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EUVOLUNTARY OR NOT, EXCHANGE IS JUST*

  • Michael C. Munger (a1)
Abstract
Abstract

The arguments for redistribution of wealth, and for prohibiting certain transactions such as price-gouging, both are based in mistaken conceptions of exchange. This paper proposes a neologism, “euvoluntary” exchange, meaning both that the exchange is truly voluntary and that it benefits both parties to the transaction. The argument has two parts: First, all euvoluntary exchanges should be permitted, and there is no justification for redistribution of wealth if disparities result only from euvoluntary exchanges. Second, even exchanges that are not euvoluntary should generally be permitted, because access to market exchange may be the only means by which people in desperate circumstances can improve their position.

Abstract

The arguments for redistribution of wealth, and for prohibiting certain transactions such as price-gouging, both are based in mistaken conceptions of exchange. This paper proposes a neologism, “euvoluntary” exchange, meaning both that the exchange is truly voluntary and that it benefits both parties to the transaction. The argument has two parts: First, all euvoluntary exchanges should be permitted, and there is no justification for redistribution of wealth if disparities result only from euvoluntary exchanges. Second, even exchanges that are not euvoluntary should generally be permitted, because access to market exchange may be the only means by which people in desperate circumstances can improve their position.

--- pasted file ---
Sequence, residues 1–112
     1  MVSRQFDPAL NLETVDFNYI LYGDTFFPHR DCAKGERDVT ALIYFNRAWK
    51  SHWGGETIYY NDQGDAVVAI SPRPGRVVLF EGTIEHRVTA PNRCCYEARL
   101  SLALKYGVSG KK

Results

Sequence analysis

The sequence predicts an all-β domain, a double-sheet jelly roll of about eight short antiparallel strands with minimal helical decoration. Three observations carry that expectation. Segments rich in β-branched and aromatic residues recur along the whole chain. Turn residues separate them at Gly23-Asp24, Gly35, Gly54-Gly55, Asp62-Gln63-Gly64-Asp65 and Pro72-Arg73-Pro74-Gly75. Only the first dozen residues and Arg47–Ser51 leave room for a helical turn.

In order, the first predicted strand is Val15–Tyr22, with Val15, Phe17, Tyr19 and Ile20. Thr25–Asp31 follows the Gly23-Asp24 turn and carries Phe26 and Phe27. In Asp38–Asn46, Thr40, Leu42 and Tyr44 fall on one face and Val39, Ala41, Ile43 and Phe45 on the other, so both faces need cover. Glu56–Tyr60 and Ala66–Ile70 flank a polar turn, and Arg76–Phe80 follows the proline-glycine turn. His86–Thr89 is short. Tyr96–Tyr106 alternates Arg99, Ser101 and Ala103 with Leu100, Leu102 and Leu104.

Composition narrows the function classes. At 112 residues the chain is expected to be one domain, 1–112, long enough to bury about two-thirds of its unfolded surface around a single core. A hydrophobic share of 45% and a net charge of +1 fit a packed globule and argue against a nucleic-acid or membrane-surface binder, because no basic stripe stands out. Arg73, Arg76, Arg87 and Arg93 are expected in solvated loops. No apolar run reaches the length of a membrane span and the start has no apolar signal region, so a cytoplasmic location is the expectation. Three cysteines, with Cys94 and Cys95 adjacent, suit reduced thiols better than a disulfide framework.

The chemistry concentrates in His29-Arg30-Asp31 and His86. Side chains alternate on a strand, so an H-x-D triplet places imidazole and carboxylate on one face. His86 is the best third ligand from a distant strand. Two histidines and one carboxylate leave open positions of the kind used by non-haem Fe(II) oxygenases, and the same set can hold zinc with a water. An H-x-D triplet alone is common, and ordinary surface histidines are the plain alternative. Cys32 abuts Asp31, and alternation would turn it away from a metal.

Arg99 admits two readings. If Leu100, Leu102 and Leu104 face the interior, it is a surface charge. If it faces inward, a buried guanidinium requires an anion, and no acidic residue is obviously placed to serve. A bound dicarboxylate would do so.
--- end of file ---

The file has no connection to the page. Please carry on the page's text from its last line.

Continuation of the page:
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This list contains references from the content that can be linked to their source. For a full set of references and notes please see the PDF or HTML where available.

Friedrich A. Hayek , Law, Legislation, and Liberty, Volume 2: The Mirage of Social Justice (Chicago: University of Chicago Press, 1978), 78

Avner Greif , Institutions and the Path to the Modern Economy: Lessons from Medieval Trade (New York: Cambridge University Press, 2006)

Daron Acemoglu and James Robinson , Economic Origins of Dictatorship and Democracy (New York: Cambridge University Press, 2005)

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Social Philosophy and Policy
  • ISSN: 0265-0525
  • EISSN: 1471-6437
  • URL: /core/journals/social-philosophy-and-policy
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